The world will not bow to you or your child. It is not in the interests of many people to prioritise the well being of your child. This will surprise you, a lot. So... do not be blindsided by it. Come out swinging. Well, maybe not swinging, but being massively articulate and well-read. Keep yourself credible, do not let your standards slip, keep your friends close, and your enemies much much much closer. Do not let people off the hook. Document everything. Don't ever accept statements like 'that's just the way it is' or 'that's not the way we do it'. Know that having a child with a disability automatically makes you an advocate. That's just the way it is. Oh... hang on...

8. Do back yourself.
You will not always be right, so you may as well get your motivation straight. You are here, right now, for your child. You will be attached to him for a long time, longer than you anticipated. Don't try to hide him or his disability. Do try to understand him and his disability as much as you can. You will like yourself a lot more in the future if you do. To be honest, you are going to need to get used to the acceptance, because there's a better than good chance that he will stick out more, not less as time goes on. You will need all your reserves to resist the desire to slap down giggling kids and gaping general public.

9. And lastly...
Autism is as varied as the flowers in a really awesome flower shop. Stand proud among the colours, but do not use the difference in petal shape, height or perfume as a reason to deny the awesomeness of your child.

He is what and who he is, and being like or unlike his ASD peers, is as irrelevant as his likeness to his NT peers. Don't rely on nonsense arguments about how he's not like other ASD kids, as proof that he will be 'OK'. He is OK. He is also autistic. Prepare yourself for a mosaic of chronic medical conditions (or not), obvious socially inconvenient habits (or not), massive changes to the way you live your life (or not).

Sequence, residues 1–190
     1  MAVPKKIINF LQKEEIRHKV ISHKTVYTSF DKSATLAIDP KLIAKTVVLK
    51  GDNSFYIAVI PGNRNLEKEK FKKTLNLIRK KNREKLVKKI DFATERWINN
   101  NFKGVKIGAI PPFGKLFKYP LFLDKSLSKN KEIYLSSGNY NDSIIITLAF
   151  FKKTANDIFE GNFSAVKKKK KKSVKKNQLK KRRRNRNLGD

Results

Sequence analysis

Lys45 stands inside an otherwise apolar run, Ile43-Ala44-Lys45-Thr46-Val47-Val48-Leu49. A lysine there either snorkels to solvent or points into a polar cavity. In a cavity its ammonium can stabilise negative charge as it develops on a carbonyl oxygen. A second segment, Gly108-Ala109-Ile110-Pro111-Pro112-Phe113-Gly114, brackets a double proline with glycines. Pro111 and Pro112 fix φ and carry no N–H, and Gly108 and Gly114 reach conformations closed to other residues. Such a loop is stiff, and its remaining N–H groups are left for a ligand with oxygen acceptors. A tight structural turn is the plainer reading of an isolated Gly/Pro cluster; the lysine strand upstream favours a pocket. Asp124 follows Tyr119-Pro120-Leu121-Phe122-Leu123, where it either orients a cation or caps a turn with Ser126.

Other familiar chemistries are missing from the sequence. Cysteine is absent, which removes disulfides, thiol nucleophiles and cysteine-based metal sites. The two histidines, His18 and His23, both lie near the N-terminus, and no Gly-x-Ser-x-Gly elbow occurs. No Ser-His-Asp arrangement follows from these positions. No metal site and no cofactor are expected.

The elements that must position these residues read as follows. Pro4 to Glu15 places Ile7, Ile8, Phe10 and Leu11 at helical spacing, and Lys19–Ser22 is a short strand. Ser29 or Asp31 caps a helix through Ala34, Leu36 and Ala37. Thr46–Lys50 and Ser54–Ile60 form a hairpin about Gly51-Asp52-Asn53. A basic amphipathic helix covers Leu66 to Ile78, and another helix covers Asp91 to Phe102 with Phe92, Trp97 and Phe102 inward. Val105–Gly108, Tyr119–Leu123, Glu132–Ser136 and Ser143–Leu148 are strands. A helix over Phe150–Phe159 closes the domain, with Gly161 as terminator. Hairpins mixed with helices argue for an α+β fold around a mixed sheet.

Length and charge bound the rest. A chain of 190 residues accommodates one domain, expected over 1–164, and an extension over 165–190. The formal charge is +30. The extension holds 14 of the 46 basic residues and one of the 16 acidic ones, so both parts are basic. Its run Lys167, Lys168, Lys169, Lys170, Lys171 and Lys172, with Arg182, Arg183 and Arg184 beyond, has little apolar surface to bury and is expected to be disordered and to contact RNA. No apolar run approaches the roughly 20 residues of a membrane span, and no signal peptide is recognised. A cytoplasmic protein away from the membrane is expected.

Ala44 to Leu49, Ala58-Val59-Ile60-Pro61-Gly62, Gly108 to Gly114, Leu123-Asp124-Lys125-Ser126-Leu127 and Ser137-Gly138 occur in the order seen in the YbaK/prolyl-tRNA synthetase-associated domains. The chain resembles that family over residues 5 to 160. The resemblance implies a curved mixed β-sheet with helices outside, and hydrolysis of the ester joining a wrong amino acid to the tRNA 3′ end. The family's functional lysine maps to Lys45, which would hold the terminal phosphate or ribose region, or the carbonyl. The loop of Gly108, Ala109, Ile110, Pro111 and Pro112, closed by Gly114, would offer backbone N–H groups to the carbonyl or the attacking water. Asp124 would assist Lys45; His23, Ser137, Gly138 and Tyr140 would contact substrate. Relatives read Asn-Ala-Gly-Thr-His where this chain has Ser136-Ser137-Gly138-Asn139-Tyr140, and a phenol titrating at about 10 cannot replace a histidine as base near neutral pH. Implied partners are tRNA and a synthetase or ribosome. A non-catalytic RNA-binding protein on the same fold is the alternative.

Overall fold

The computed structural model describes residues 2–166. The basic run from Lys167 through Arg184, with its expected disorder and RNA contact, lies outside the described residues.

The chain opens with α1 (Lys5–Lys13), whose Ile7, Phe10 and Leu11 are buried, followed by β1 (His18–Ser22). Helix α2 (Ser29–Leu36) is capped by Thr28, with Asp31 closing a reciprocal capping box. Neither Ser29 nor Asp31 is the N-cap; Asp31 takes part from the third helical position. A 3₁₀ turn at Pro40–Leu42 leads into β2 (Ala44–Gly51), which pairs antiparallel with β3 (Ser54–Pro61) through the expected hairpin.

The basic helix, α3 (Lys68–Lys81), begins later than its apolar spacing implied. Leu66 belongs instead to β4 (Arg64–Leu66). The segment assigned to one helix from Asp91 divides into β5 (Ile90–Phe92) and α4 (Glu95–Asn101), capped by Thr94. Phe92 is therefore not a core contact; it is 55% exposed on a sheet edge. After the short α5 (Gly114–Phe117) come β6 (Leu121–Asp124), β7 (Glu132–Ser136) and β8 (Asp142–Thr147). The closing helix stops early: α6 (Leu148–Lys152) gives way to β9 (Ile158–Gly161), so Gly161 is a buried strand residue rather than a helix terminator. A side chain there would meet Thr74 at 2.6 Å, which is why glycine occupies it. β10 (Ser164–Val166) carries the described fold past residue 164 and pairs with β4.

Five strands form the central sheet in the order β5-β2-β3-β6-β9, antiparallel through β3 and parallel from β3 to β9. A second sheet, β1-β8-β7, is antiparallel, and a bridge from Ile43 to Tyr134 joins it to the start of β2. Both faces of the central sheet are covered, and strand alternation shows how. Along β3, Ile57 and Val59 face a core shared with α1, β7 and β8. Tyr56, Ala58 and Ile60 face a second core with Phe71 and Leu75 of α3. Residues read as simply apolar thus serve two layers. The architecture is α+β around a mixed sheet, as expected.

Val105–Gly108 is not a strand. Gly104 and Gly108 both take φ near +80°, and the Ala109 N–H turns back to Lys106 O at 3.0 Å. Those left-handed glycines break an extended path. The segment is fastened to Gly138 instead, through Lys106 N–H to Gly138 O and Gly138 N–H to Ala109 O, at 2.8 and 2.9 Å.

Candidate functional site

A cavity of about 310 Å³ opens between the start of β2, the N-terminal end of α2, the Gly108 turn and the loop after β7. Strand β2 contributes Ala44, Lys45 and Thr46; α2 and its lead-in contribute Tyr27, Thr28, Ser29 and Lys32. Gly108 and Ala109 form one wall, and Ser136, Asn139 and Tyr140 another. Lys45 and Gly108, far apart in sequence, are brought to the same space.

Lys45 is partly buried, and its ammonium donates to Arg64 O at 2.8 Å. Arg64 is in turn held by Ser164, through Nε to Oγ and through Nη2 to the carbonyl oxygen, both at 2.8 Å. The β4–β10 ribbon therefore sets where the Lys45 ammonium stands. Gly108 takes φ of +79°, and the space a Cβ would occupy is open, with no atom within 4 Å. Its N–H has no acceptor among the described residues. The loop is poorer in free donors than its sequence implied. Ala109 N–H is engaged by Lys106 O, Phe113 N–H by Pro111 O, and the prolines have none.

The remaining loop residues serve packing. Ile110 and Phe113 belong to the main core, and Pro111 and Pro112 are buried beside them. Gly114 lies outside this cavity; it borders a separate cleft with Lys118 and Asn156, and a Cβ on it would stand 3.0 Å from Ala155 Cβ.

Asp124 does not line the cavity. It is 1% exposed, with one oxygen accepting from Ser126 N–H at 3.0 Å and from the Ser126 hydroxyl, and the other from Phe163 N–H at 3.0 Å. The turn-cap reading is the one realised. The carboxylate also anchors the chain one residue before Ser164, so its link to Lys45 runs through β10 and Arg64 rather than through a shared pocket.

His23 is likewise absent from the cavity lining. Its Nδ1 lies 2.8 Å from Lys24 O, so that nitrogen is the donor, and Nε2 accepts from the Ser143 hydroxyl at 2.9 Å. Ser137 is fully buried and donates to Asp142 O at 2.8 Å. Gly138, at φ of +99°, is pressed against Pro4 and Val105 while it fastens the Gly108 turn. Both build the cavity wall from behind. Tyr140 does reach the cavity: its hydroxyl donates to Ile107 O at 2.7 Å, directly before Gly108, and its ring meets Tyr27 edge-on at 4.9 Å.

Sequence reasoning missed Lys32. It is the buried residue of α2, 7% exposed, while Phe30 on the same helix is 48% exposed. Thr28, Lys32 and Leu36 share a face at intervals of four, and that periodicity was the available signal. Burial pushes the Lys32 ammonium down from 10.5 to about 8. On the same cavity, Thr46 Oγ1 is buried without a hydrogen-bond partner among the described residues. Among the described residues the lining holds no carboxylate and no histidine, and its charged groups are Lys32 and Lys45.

Know that you will do the best you possibly can every day. It might not be perfect or what you planned, or what you want to do... but suck it up. Good days follow bad days, and vice versa. Do not cut yourself a break, but do cut yourself some slack. It's going to be a bumpy ride.

Your son is the same miracle he was when all you knew of him was a double line on a white plastic stick. He will be the best teacher you ever had. He will inspire, surprise and thrill you.

He will also make you watch more Spongebob than you ever, ever want to. Unfortunately, that will suck like nothing else. That's the bad news.


Christine said...

What can I say other than you too every word out my my mouth. Beautifully, honestly written. A perfect guide for newbies.
Well done, friend!

Wendy said...

You said it sister!

JANTaR said...

Articulate, credible, profoundly inspiring - that is you, Valerie. You are our teacher. So if Billy is your teacher, he's my teacher too. Thanks, Billy. xx

Patty O. said...

Yes to all of the above, especially getting your boxing gloves! You'll need 'em!

Great post!